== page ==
When use of ordinary airplanes is not possible, Icelandic Coast Guard emergency helicopters may be available. The Coast Guard operates three rescue helicopters (Aerospatiale Super Puma) based in Reykjavík. Their primary mission is search and rescue, both on shore and at sea. Their staff includes two pilots, a rescue technician, a navigator, and a physician.
Consider obtaining regular travel insurance and medical evacuation (medevac) insurance to cover all types of incidents.
Country-specific Vaccination and Health Guidance
The CDC offers additional information on vaccines and health guidance for Iceland.
OSAC Country Council Information
There is no Country Council in Reykjavik. Interested private-sector security managers should contact OSAC’s Europe Team with any questions.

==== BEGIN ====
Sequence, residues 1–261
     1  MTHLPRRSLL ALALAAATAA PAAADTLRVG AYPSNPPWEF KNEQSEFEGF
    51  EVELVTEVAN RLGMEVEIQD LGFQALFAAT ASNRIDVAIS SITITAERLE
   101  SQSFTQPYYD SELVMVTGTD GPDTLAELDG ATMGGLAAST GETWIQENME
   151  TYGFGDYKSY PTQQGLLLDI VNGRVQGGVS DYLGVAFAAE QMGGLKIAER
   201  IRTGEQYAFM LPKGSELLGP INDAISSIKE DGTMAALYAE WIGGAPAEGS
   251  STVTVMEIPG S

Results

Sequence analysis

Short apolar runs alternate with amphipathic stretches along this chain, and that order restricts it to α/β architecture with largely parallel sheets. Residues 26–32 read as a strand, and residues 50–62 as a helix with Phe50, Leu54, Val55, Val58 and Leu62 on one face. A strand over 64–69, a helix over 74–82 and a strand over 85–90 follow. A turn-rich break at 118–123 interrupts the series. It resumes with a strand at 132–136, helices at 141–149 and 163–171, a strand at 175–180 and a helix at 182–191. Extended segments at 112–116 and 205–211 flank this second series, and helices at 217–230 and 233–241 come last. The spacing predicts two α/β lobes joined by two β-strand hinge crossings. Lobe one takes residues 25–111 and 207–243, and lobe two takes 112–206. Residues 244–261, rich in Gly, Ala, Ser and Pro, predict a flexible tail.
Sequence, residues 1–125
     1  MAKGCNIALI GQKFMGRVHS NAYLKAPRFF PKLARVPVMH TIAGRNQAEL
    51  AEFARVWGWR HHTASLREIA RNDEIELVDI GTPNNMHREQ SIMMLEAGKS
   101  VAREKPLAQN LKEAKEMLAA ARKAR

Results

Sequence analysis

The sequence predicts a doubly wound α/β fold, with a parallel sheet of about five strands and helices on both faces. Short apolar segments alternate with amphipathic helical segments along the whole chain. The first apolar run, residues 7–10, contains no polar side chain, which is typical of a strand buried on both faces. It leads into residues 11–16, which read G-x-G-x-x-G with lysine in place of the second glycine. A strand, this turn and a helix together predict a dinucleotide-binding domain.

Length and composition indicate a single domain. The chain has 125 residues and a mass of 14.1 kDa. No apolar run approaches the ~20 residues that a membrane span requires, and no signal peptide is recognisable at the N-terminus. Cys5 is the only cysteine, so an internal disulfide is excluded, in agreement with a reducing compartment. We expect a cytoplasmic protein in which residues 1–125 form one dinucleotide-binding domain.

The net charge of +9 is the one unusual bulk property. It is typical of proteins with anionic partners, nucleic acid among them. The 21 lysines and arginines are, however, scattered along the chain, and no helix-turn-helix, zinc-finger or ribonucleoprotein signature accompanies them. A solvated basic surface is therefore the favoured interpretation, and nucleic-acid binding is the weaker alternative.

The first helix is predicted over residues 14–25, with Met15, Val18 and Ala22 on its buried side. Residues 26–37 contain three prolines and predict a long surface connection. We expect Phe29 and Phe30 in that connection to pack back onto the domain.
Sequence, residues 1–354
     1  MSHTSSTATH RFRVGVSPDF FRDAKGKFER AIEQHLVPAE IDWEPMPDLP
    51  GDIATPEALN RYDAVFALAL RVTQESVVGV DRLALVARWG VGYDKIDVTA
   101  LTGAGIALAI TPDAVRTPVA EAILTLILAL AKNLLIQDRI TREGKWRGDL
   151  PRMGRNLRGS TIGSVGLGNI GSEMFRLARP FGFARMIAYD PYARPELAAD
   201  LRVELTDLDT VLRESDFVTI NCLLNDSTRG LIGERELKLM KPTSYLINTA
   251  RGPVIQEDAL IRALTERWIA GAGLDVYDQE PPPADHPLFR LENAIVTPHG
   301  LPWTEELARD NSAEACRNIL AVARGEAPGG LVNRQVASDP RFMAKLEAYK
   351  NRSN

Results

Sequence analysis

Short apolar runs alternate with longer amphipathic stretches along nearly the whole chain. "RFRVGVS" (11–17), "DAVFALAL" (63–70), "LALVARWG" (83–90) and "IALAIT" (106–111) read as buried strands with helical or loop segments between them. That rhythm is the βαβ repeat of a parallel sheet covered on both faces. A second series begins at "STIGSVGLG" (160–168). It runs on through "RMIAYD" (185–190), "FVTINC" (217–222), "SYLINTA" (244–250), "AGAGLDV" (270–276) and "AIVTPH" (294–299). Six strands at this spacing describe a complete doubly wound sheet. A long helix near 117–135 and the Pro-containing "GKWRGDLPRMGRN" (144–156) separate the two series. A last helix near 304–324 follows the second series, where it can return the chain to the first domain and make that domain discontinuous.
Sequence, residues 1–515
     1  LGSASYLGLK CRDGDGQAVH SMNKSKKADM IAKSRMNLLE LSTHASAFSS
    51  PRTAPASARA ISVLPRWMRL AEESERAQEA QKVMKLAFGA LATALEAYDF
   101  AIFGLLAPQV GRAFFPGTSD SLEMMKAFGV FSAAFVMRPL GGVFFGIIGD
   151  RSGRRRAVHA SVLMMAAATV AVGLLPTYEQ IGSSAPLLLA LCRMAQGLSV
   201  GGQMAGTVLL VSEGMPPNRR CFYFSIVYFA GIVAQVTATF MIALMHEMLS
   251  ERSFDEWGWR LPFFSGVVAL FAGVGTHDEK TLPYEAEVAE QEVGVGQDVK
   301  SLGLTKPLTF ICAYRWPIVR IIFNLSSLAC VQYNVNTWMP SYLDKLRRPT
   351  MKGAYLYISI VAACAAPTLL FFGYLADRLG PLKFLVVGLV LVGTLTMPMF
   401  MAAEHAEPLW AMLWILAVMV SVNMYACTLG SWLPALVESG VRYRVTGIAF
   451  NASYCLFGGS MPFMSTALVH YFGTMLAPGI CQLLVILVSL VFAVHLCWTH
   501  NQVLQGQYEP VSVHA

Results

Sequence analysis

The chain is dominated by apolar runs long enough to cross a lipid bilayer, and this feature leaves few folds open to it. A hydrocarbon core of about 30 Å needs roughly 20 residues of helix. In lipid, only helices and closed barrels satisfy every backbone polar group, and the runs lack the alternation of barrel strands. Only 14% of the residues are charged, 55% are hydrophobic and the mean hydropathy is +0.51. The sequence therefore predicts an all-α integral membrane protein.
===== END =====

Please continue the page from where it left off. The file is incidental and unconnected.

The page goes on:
U.S. Embassy Location and Contact Information
Embassy Address and Hours of Operation
U.S. Embassy Reykjavik: Laufasvegur 21, 101 Reykjavik
American Citizen Services (ACS) business hours: 0800-1700, Monday-Friday, excluding U.S. and Icelandic holidays
Embassy Contact Numbers
Embassy switchboard: (354) 595-2200.
After hours: (+354) 595-2248
U.S. citizens traveling to Iceland should register with the Smart Traveler Enrollment Program (STEP) to ensure they receive pertinent security updates and notices.
Iceland Country Information Sheet